Migration is in full swing, and it appears that Thursday, March 17, should be a good day for seeing migrants, especially birds of prey, in northwestern Ohio and nearby areas.
As of Wednesday afternoon, March 16, a high-pressure area is centered over the southeastern U.S., and the flow of air around that high is bringing in warm air from the southwest toward Ohio. That air flow should continue overnight, with skies at least partly clear, encouraging early migrants to move north. I expect traditional early birds like Tree Swallow and Eastern Phoebe to be around on 3/17. Numbers of migrant sparrows are already growing, with a big push of Song Sparrows during the last few days, and there should be many Fox Sparrows around for the next couple of weeks. Numbers of Rusty Blackbirds are increasing -- northwest Ohio represents one of the major stopover areas for this declining species, and we have a good opportunity to study it here. Hermit Thrush, Pectoral Sandpiper, and American Pipit are other birds to be watching for right now.
On Thursday 3/17, temperatures locally should climb into the 50s, with continuing south-southwest winds. This is a classic setup for a good flight of raptors (birds of prey) near the Lake Erie shoreline in northwest Ohio. We never get massive numbers of raptors, such as those sometimes seen in fall migration at the northwest corner of the lake; but by spending a while watching from a good vantage point, we can sometimes see a decent variety. One standard lookout is the "hawk watch tower" (observation tower) near the Sportsmens Migratory Bird Center on the way in to Magee Marsh Wildlife Area; another is the sledding hill at Maumee Bay State Park. But any open area with a good view of the sky, within a mile of the shoreline, may be a good vantage point.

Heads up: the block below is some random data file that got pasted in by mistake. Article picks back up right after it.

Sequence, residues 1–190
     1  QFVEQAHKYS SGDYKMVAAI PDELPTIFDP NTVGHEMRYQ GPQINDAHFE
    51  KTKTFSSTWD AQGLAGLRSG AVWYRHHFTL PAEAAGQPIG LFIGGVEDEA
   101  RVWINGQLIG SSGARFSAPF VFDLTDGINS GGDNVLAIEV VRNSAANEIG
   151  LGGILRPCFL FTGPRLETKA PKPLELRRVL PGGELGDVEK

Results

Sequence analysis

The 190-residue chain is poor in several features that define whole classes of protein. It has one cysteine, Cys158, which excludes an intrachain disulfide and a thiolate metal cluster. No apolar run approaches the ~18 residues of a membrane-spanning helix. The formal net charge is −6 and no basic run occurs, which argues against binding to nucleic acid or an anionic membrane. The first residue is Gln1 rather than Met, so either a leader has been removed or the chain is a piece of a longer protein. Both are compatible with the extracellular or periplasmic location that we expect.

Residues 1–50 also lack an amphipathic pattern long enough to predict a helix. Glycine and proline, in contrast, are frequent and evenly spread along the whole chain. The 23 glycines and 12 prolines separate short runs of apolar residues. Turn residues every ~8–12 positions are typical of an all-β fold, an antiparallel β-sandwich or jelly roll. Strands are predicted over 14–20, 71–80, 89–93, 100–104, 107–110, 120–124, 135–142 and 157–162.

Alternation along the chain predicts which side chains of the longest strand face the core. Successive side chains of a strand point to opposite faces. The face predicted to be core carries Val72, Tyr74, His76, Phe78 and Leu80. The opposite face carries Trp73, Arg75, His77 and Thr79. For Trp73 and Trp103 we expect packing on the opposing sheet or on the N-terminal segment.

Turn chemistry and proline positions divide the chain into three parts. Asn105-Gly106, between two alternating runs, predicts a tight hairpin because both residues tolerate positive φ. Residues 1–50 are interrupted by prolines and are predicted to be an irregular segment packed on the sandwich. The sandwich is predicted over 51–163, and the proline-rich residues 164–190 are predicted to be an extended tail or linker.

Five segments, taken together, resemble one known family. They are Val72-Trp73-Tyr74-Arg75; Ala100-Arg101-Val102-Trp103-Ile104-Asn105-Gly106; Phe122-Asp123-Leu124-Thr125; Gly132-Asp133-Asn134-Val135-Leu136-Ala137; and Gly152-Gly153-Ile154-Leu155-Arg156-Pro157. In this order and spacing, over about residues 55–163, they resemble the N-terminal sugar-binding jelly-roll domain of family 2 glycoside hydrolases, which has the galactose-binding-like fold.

Mid-March is a little before the peak of raptor migration but it still offers some good possibilities. Our healthy population of local nesting Bald Eagles is aumented by numbers of migrants passing through in early spring. March is the main month for migrating Red-shouldered Hawks. Northern Harriers, Rough-legged Hawks, and Cooper's Hawks may all be on the move. (By contrast, Broad-winged Hawk and Sharp-shinned Hawk mostly move later, in April.) Northern Goshawk is always extremely rare here, but conditions like those expected tomorrow could at least produce an outside chance.
If you get out to watch for passing raptors, you may spot other birds on the move as well. Sandhill Cranes are actively migrating now. Ace birder Karl Overman saw a Whooping Crane fly over Maumee Bay State Park on March 14, undoubtedly a bird from the reintroduced Wisconsin flock. Randy Kreager found a Yellow-headed Blackbird on Krause Road several days ago, and this bird is probably wandering the area with the mixed blackbird flocks. And with migration under way, there's no telling what else you might find.